Why self-advocacy is important for the community
Living with a bleeding disorder comes with unique challenges that extend beyond medical needs. From maintaining joint health to pursuing a life without limitations, people in the bleeding disorder community need comprehensive care and tailored support. This is where the significance of self-advocacy shines through – it’s about empowering individuals to take control of their health and overall wellbeing.
- Speaking up: Sharing personal concerns, both medical and lifestyle-related, with your care team
- Seeking needs: Requesting specific treatments or services that align with your individual goals
- Understanding rights: Being aware of your rights and responsibilities within the healthcare system
- Informed decision-making: Participating in care decisions that impact your life positively.
Engaging in self-advocacy means that you amplify your role in shaping your care journey. For instance, if you have an active lifestyle, you might want to switch to a longer-acting treatment for enhanced protection when you’re taking part in physical activities. Conversations with your care team foster collaboration and pave the way for shared decisions that are best suited to you as an individual.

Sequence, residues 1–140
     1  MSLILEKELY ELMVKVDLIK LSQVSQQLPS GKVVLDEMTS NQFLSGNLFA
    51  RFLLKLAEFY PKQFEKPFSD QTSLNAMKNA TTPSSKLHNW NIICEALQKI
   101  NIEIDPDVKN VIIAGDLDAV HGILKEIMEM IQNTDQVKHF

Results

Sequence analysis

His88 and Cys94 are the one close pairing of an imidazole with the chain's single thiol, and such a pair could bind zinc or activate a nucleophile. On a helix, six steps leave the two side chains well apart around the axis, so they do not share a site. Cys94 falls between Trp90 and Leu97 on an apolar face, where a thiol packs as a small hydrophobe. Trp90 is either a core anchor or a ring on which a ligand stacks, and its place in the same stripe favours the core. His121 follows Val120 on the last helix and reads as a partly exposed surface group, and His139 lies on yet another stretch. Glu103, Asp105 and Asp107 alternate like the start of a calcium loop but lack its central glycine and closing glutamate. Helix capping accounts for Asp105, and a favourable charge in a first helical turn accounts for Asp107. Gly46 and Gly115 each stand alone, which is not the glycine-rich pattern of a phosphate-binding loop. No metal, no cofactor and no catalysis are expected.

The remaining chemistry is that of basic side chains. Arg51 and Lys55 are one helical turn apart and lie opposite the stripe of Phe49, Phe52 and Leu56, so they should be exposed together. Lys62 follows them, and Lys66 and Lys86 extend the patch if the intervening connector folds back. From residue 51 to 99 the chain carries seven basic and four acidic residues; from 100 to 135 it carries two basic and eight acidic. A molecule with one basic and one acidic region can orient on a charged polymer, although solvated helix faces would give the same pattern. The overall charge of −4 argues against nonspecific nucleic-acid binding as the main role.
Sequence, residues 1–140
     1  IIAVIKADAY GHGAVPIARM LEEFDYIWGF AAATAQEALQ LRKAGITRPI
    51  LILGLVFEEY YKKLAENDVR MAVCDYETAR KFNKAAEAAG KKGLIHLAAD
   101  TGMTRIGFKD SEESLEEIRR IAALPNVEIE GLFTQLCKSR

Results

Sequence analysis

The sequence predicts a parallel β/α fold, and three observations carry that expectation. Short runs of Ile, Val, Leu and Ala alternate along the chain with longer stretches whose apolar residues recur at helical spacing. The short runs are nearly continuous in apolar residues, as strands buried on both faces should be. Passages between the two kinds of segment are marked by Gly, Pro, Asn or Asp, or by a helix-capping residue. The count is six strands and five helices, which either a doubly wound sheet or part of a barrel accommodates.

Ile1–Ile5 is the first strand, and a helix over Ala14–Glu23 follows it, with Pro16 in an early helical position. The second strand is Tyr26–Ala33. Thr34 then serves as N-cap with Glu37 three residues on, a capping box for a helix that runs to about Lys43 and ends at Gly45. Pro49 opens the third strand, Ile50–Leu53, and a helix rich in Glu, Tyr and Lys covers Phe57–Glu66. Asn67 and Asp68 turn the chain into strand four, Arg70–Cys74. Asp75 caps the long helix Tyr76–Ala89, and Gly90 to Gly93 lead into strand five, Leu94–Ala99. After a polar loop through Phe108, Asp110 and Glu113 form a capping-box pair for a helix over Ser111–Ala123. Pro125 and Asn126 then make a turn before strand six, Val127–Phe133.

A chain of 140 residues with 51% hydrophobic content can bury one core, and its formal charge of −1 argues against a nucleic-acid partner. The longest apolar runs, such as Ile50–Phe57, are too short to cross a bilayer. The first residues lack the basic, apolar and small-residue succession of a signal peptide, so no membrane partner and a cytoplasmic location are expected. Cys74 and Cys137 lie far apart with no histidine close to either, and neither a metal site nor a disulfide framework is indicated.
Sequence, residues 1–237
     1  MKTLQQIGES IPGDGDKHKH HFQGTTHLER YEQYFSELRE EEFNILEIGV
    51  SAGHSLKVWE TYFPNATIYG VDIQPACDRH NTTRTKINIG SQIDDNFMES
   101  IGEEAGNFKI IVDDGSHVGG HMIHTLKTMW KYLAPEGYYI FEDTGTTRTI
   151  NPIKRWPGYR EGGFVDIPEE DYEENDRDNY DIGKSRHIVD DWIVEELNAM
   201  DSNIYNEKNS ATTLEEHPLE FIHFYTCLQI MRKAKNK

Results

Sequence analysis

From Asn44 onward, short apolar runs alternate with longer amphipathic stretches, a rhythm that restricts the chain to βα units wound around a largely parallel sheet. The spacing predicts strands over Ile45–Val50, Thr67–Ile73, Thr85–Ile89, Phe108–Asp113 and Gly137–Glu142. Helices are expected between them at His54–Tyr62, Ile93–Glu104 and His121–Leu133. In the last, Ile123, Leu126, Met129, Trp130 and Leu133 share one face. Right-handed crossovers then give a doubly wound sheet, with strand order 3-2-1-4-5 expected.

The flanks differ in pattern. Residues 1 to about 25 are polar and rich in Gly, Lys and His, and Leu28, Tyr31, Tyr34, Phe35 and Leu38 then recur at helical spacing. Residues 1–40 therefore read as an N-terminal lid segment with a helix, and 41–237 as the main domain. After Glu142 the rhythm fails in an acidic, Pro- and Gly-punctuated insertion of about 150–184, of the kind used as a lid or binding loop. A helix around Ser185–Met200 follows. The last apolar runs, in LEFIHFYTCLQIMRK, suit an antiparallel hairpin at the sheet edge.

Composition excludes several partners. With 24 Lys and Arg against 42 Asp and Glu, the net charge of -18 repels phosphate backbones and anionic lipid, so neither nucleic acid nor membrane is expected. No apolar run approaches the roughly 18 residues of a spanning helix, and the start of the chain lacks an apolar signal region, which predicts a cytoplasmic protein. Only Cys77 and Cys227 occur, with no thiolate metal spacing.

Self-advocacy stands as a vital pillar within the bleeding disorder community. It’s about expressing your needs, influencing decisions about your care, and not being a passive recipient of care – it makes you an informed and empowered partner.
Using animation to empower
Our self-advocacy animation serves as a tool to raise awareness about haemophilia and other bleeding disorders within the broader community. Sharing personal experiences, challenges and triumphs is beneficial to the community as a whole, and it sits at the heart of what Lfwbd does as a charity. Through sharing our stories, we all have the ability to educate others about the nature of our disorder, its impact on daily life, and the importance of understanding and support.
Using video enables a comprehensive depiction of the individual’s journey through haemophilia care. Visual storytelling can capture emotions, struggles, and achievements in a way that written or spoken words alone may not convey. We hope that using this approach in ‘Self Advocacy – What’s it all about?’ will help viewers relate to the experiences shown – empathy and connection are powerful tools when it comes to advocacy, both for yourself and for others.